Babesia is a parasite that grows within erythrocytes and is transmissible from animals to humans via ticks. The infection is often resolved spontaneously, but it can also have a subclinical course with persisting parasitaemia for several months. In immunocompromised individuals in North America, e.g. after splenectomy, severe, partly deadly infections were caused by B. microti, and in Europe by B. divergens, when treatment with combinations of quinine and clindamycin or with atovaquone and azithromycin were not started promptly.
B. divergens and similar species are also present in Germany . Since transfusion-associated Babesia transmission have so far not been reported in Germany, the presence of these agents does not justify general testing of all blood donations for markers of a Babesia infection. Clinical signs of chronic babesiosis are noticeable with severe anaemia, liver and spleen swelling, high LDH and reduced haptoglobin values as a sign of haemolysis. A Babesia infection can be diagnosed microscopically in the blood smear with high parasite density during the acute phase of infection with intraerythrocytary merozoites. Cases of transmission would have been identified using these diagnostic parameters in the past.
Based on the epidemiological situation, the small number of cases, and the missing reports on preventing a potential Babesia transmission via blood transfusion, there is currently no action required in Germany that goes beyond the general exclusion criteria.
Toxoplasma has a world-wide geographical distribution, and more than a quarter of the world population is infected with this agent. Since transmissions from humans to humans by social contacts have so far not been observed, with the exception of pregnancies, the disease is a typical zoonosis. Vertical transmission of the infection from the mother to the foetus with severe malformation is only possible if primary infection occurs during pregnancy.
Toxoplasma was discovered independently in 1908 by Charles Nicolle and Louis H. Manceaux , while they were looking for Leishmania in a rodent (Ctenodactylus gundi) in North Africa, and by Alfonso Splendore in rabbits in Sao Paulo . The first human infection was decribed by Josef Janku in Czechia in 1923 , and congenital transmission was discovered by Arne Wolf and David Cowen in the same year and published later .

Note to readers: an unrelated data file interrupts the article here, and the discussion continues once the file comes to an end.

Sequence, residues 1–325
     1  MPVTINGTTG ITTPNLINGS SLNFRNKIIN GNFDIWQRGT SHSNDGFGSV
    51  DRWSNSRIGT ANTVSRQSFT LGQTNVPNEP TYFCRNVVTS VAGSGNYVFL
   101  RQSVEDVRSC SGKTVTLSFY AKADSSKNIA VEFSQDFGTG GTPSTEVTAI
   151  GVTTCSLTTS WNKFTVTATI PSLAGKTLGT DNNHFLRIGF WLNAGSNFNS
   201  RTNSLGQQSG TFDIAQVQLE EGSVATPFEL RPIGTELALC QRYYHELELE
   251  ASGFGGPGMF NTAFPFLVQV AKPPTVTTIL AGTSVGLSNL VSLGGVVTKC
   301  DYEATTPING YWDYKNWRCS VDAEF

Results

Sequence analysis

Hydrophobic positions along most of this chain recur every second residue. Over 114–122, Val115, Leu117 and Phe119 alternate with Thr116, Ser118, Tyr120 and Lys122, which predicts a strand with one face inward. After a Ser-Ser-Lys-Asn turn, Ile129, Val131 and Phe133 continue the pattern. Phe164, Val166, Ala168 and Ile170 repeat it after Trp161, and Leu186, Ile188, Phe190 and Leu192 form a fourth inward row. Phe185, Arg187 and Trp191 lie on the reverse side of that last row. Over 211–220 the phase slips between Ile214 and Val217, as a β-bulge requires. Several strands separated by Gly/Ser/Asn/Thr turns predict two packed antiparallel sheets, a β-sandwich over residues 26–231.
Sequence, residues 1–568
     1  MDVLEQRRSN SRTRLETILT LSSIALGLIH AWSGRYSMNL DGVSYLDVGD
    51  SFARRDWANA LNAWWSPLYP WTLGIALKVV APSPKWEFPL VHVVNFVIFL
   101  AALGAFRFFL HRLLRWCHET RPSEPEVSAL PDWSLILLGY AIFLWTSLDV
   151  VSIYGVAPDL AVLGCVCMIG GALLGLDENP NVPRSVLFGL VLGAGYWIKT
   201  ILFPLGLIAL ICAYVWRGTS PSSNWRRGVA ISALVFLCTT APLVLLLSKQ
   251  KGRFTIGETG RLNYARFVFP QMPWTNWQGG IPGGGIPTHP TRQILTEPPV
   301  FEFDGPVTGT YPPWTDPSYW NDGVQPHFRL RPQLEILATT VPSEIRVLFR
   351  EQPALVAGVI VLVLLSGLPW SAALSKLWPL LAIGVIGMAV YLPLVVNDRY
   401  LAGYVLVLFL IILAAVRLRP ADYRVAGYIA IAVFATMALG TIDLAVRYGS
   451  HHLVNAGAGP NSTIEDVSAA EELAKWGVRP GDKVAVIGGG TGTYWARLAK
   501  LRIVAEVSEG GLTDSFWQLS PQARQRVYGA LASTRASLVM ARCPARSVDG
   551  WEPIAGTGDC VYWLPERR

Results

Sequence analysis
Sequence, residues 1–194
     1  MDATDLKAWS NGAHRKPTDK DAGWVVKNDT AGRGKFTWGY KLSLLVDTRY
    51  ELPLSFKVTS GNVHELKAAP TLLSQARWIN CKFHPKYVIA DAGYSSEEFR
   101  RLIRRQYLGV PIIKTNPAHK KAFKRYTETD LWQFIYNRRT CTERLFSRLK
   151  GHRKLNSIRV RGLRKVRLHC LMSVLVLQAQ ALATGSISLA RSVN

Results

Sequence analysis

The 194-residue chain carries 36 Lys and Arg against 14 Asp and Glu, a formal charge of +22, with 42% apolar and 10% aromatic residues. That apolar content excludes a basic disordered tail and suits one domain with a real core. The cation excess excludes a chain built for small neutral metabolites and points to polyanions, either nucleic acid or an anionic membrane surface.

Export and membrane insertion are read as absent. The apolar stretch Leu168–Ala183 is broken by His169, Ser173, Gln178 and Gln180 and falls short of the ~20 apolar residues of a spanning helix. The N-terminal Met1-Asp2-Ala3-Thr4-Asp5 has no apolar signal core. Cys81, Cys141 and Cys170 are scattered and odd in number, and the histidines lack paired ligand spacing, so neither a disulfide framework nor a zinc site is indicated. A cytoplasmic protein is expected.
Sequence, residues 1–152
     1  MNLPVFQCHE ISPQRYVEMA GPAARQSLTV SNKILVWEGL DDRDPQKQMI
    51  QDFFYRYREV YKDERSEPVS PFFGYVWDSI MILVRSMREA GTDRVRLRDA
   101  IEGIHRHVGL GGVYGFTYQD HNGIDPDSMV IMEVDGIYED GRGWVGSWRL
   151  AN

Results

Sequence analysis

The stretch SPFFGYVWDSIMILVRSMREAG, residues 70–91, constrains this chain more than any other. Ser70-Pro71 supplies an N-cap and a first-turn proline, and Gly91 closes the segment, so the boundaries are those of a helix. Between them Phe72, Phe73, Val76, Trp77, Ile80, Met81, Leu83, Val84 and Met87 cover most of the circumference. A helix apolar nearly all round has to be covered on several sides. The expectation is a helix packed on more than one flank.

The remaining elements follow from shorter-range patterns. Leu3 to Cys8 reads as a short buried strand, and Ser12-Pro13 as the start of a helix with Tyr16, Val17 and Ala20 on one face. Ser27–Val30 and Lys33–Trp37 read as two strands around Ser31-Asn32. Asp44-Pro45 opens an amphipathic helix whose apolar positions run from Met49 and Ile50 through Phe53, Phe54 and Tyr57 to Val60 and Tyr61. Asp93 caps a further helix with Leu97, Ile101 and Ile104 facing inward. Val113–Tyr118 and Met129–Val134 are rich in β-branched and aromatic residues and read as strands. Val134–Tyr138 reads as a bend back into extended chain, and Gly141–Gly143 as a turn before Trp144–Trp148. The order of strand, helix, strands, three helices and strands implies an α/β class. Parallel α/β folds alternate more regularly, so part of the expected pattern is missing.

T. gondii are classified as members of Apicomplexa (fig. (fig.7)7) in the class of the Sporozoae and occurs in three distinct forms:
Sexual cycles of the development only take place in cats and felides, while asexual replication takes place in many animal species and humans .
For T. gondii, 3 genotypes can be distinguished: Genotype I and II have been found in congenital toxoplasmosis . Genotype II is the strain most frequently found in humans that has a tendency for reactivation and chronic infection and is also found in 65% of the AIDS patients . Genotype III strains preferentially occur in animals, rarely in humans.
Oocyst: Oocysts are formed in jejunium cells of the intestine of the cat after sporozoites have entered the organism. Sporozoites merge during the sexual cycle after the sporozoites have transformed into gametocytes. Unsporulated oocysts are of 10–12 μm in diameter, they are formed 7–20 days following infection. 10 million oocysts can be excreted per day. Only sporulated oocysts are infectious. They contain 2 sporocysts which in turn contain 4 sporozoites. Sporulation takes 2–3 weeks at a temperature of 11 °C; at 24 °C it takes 2–3 days. Oocysts remain infectious in humid soils for more than 18 months. Tachyzoite: Tachyzoites have the crescent shaped form with a length of 5–7 μm and a width of 2–3 μm. Tachyzoites can only replicate within cells. The period of division is about 6–8 h. If the number is too high, the cell will burst and the tachyzoites thus released will infect the adjacent cells or cells in other tissues by active propulsion. They are phagocytised by macrophages and are transported by neutrophil granulocytes in blood. A conoid is located at a pole of the tachyzoite which contains 8 organelles (rhoptries and micronemes, fig. fig.7,7, ,8).8). The enzymes of the organelles are used to penetrate the cell wall. Tachyzoites are sensitive to desiccation, freezing, thawing, and an acid environment .
Bradyzoite: Bradyzoites are located in tissue cysts. They are morphologically distinct from tachyzoites and replicate very slowly. Tachyzoites transform into bradyzoites under the influence of substances such as IFN-? and heat shock proteins. A tissue cyst can contain more than 1,000 bradyzoites. In the muscle, bradyzoites are inactivated in the tissue system by heating to >67 °C, and by freezing at −20 °C for 24 h. Bradyzoites can migrate from the cyst and transform into tachyzoites . Bradyzoites can remain infectious in tissue for decades .